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Would it be incorrect to use “could” and “might” in the same sentence?

For example:

It could be that Joseph might come this afternoon.

Since could and might are both stating a possibility, it seems kind of redundant, but is this okay grammatically?

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  • It sounds fine to me. :)
    – F.E.
    Commented Jan 21, 2014 at 22:31
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    Grammatically, it is impeccable. What you are talking about is semantics, not grammar. (And redundancy as such is neither grammatically nor semantically incorrect. It's merely redundant.)
    – RegDwigнt
    Commented Jan 21, 2014 at 22:32
  • "Could it possibly be that Joseph might actually come this afternoon?"
    – F.E.
    Commented Jan 22, 2014 at 7:19
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    In some Southern US dialects, you could even use them as a combined modal: "Joseph might could come this afternoon".
    – tylerharms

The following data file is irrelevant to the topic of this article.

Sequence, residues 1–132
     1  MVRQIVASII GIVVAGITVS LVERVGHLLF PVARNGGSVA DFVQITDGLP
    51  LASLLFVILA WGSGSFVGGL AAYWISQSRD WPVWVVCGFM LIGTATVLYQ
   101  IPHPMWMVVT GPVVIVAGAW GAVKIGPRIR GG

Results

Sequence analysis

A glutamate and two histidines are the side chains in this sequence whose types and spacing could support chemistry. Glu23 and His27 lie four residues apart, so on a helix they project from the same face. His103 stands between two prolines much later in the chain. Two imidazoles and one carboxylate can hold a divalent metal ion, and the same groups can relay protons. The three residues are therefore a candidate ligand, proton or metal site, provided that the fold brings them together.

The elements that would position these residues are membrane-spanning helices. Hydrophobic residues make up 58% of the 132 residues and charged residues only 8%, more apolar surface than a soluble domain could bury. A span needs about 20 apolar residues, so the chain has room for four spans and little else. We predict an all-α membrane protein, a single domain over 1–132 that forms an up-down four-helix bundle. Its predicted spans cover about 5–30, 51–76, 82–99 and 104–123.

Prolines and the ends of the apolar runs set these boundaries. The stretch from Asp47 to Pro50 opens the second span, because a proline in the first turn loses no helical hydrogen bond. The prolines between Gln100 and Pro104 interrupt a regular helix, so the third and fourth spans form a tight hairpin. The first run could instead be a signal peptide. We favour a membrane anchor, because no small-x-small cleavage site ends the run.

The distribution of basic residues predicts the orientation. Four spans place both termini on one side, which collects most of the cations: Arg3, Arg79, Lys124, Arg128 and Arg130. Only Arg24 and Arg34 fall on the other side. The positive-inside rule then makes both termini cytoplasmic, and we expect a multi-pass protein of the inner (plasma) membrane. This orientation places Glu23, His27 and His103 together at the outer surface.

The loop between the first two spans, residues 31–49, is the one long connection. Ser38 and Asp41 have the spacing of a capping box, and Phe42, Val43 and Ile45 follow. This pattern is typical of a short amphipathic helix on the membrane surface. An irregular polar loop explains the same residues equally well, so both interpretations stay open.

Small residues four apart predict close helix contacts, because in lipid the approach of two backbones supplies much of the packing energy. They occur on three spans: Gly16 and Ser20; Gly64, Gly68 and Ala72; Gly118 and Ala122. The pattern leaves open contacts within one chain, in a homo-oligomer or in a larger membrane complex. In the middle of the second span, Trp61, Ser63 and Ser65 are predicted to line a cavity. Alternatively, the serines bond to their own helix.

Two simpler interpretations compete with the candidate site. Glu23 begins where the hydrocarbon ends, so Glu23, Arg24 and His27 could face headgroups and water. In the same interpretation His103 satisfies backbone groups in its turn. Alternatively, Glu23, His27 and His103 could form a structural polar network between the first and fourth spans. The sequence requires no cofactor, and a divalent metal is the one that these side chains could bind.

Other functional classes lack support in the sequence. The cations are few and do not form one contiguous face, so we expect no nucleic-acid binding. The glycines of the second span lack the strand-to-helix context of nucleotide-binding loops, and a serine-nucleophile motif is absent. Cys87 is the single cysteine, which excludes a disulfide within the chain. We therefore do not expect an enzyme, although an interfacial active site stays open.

Commented Jan 22, 2014 at 8:00
  • @tylerharms That might could be, perhaps. However, it's not permitted in formal writing.
    – Kris
    Commented Jan 22, 2014 at 14:55

2 Answers 2

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Grammar has no objection to such a sentence. It is the semantics that matter here, if any.

This structure may be used in a context where could owes itself to one reason unrelated to that of might. A little clarification follows.

He is so excited, what is it all about?
It could be that Joseph might come this afternoon.

The reason for his being excited is likely that … --> could be

Joseph is likely to come … --> might come

The two are unrelated. Changing either will change the meaning or at least lead to ambiguity.

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It is awkward. Since could already indicates possibility, might should be replaced with will for a better sentence expressing possibility in the future.

It could be that Joseph will come this afternoon.
Or change it to read
Joseph might come this afternoon.
and simplify things.

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